The target population exists of Dutch Millennial consumers. Millennial consumers are open to innovations and use mobility dissimilar to other generations (Hopkins, 2016). Since we target the Dutch population, the survey is conducted in Dutch. Moreover, a familiar Dutch governmental authority (Rijksoverheid) and car sharing company (Greenwheels) are used as the public and private source, respectively.
This chapter discusses the measurements of the independent, dependent, mediating, and moderating variables. The independent variable is the advertisement claim, the dependent variable is the intention to use car sharing, the mediator is the attitude towards car sharing and, lastly, the moderator is the source of the advertisement.
Random assignment of participants to one of the four experiment groups is implemented (see table 1). Manipulation is used for the independent variable (advertisement claim) and the moderator (source of the advertisement) through four different advertisements. The
advertisements are self-designed illustrations in the visual brand of Greenwheels. Their main colors (green and red) and font are retrieved in the advertisements. Participants of experiment
group 1 were exposed to an environmentally focused advertisement claim communicated by a public source. Whereas group 2 was also exposed to an environmentally focused advertisement claim, but here it is communicated by a private source. Group 3 and 4 are both exposed to a financially focused advertisement claim, but for group 3 the advertisement was communicated by a public source, whereas for group 4 the advertisement was communicated by a private source. Appendix A shows the different advertisements.
Advertisement claim. The independent variable in this study is the advertisement claim.
There were two identically used advertisement claims focused on the environment and two identically used advertisement claims focused on the idea of cost savings: “Car sharing. Help save the planet” and “Car sharing. No more costs of owning a car.” The textual information encourages consumers to participate in car sharing, but two different arguments are used. The first motivator used is that consumers should use car sharing to keep the environment alive and the world more livable. Meanwhile, the second motivator is that car sharing is wallet-friendly, and with that, no more worrying about maintenance, parking, and insurance.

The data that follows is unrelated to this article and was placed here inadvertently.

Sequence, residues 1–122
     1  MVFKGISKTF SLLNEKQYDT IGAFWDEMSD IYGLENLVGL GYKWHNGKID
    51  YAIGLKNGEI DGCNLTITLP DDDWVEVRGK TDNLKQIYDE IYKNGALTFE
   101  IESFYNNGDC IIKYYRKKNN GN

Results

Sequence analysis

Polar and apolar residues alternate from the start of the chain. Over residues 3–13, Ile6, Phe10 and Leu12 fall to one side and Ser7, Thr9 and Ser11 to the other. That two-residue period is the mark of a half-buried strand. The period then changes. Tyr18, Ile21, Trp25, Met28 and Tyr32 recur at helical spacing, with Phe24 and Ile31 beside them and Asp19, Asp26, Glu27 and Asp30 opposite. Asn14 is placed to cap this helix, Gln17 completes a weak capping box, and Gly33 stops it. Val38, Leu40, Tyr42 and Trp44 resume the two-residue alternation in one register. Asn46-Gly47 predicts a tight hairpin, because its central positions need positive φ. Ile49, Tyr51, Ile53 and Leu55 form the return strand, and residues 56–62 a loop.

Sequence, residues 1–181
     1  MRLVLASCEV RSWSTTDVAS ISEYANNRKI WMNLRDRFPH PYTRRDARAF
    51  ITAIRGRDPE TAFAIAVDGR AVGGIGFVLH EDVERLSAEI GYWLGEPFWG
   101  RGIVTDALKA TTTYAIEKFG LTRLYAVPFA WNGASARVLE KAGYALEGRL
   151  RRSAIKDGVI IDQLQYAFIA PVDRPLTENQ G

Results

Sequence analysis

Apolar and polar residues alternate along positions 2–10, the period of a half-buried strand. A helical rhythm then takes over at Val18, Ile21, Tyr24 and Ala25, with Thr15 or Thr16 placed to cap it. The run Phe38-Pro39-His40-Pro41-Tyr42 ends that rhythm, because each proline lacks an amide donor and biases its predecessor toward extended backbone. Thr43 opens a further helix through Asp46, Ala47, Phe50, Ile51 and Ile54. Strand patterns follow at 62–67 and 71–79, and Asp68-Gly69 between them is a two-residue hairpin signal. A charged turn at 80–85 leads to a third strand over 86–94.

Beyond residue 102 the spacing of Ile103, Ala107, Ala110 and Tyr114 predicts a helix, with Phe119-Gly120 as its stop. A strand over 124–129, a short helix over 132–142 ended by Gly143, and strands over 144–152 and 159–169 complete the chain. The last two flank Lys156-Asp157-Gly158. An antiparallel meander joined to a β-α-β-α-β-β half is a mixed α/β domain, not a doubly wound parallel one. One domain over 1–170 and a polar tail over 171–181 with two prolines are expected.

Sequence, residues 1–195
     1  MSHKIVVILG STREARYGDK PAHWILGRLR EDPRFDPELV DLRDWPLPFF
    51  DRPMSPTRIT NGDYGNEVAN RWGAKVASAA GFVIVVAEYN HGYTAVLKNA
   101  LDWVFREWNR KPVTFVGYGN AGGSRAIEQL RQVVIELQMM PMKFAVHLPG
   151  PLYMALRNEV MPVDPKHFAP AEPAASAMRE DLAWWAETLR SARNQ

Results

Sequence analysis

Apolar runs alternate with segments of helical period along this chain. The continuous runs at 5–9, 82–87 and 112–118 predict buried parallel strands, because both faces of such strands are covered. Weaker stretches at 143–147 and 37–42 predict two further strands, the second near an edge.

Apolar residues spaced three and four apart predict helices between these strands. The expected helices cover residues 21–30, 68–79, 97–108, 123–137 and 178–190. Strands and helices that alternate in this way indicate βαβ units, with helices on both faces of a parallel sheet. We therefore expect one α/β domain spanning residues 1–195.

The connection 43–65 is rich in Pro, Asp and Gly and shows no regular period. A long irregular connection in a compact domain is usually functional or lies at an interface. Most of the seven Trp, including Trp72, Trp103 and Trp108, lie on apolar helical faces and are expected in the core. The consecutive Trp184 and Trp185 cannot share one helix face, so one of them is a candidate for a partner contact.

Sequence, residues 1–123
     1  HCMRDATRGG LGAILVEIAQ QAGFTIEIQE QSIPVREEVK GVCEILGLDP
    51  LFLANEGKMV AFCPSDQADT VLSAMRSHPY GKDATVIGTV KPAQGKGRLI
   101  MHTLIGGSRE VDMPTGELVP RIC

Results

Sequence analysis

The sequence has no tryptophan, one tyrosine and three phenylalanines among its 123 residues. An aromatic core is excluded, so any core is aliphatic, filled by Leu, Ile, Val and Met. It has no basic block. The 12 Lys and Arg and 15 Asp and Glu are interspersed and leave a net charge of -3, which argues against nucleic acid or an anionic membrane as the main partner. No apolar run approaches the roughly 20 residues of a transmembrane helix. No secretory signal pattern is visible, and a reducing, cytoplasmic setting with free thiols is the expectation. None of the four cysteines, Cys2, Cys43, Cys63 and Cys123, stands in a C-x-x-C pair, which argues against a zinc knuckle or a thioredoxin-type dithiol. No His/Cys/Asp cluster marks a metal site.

Attitude towards car sharing. Attitude towards car sharing is the mediator in this study.
Attitude towards car sharing was assessed utilizing four evaluative 5-point semantic differential scales (Bauer, 2008). The semantic differential is often used to measure a person’s attitude towards something. On the left and right of the scale are polar opposite adjectives. This scale lacks a “neutral” answer. Scores to the right are seen as high scores meaning the positive end of the scale. Bauer (2008) looked at students' attitude towards the subject matter of chemistry and focused on the relationship between attitude and behavioral intention. Items of the subscales
“interest and utility” such as useless/worthwhile and “emotional satisfaction” such as
unattractive/attractive were chosen as endpoints for this study. The Cronbach’s Alpha reported
for these subscales were .83 and .79, respectively. This is an acceptable reliability level since both correspond to a Cronbach’s Alpha score above .7 (George & Mallery, 2010).
Source of the advertisement. The source of the advertisement is the moderator in this
study. This variable was manipulated by adding a logo of the source on the right bottom of the advertisement. Advertising works efficiently if you take the “Z-pattern layout” into consideration (Babich, 2020). Marketers should place something that leads consumers’ eyes at the top,
followed by something striking in the middle, and the logo should be placed at the right bottom.
The public source that was selected for this study was Rijksoverheid. As mentioned earlier, Rijksoverheid is a governmental institution in The Netherlands that runs several campaigns yearly, and it mainly focuses on the well-being of society. The motto of Rijksoverheid is: “De Rijksoverheid. Voor Nederland”, which means that the priority of Rijksoverheid is to take care of The Netherlands (Ministerie van Binnenlandse Zaken en Koninkrijksrelaties, 2018). Its mission statement mainly focusses on equal rights, and to have a venturous and sustainable environment for citizens in The Netherlands. Rijksoverheid is formed by all ministries. The main duties of the ministries are to develop policy plans and to control the law. Its content is focused to inform and direct citizens to strive for specific goals. Rijksoverheid consists of 116.000 civil servants (Ministerie van Binnenlandse Zaken en Koninkrijksrelaties, 2018). Some examples of civil servants are police officers, soldiers and inspectors. A present and frequent campaign that Rijksoverheid is addressing is COVID-19. One example of a campaign is: “Alleen samen krijgen we corona onder controle,” meaning “only together we can get
COVID-19 under control.” With the main goal to teach the citizens to individually take their own responsibility so that everyone can return to their normal lives.
Greenwheels was the private source that was used for this study. Greenwheels is the market leader in The Netherlands and has over 25 years of experience in car sharing. Over 2000 cars are distributed across the country and located at permanent parking spots providing a wide availability and range of cars. Rijksoverheid and Greenwheels were chosen since they should generally be well-known under the Dutch population.